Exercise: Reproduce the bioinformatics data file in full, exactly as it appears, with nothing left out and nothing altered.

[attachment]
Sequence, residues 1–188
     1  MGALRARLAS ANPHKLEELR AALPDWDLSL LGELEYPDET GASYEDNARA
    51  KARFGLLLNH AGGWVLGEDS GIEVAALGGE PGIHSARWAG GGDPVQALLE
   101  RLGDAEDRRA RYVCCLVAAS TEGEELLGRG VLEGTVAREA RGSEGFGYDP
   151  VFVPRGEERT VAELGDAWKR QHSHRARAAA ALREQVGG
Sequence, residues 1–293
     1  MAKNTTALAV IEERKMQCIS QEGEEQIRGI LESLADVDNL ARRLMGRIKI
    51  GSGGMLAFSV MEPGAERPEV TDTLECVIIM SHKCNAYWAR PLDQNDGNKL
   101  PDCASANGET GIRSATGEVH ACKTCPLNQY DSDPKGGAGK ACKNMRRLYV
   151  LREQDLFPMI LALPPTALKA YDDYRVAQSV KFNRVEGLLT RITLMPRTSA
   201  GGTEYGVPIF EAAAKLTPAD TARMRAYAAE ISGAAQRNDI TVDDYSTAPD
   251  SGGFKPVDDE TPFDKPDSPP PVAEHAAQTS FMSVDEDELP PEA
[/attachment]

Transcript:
Sequence, residues 1–188
     1  MGALRARLAS ANPHKLEELR AALPDWDLSL LGELEYPDET GASYEDNARA
    51  KARFGLLLNH AGGWVLGEDS GIEVAALGGE PGIHSARWAG GGDPVQALLE
   101  RLGDAEDRRA RYVCCLVAAS TEGEELLGRG VLEGTVAREA RGSEGFGYDP
   151  VFVPRGEERT VAELGDAWKR QHSHRARAAA ALREQVGG
Sequence, residues 1–293
     1  MAKNTTALAV IEERKMQCIS QEGEEQIRGI LESLADVDNL ARRLMGRIKI
    51  GSGGMLAFSV MEPGAERPEV TDTLECVIIM SHKCNAYWAR PLDQNDGNKL
   101  PDCASANGET GIRSATGEVH ACKTCPLNQY DSDPKGGAGK ACKNMRRLYV
   151  LREQDLFPMI LALPPTALKA YDDYRVAQSV KFNRVEGLLT RITLMPRTSA
   201  GGTEYGVPIF EAAAKLTPAD TARMRAYAAE ISGAAQRNDI TVDDYSTAPD
   251  SGGFKPVDDE TPFDKPDSPP PVAEHAAQTS FMSVDEDELP PEA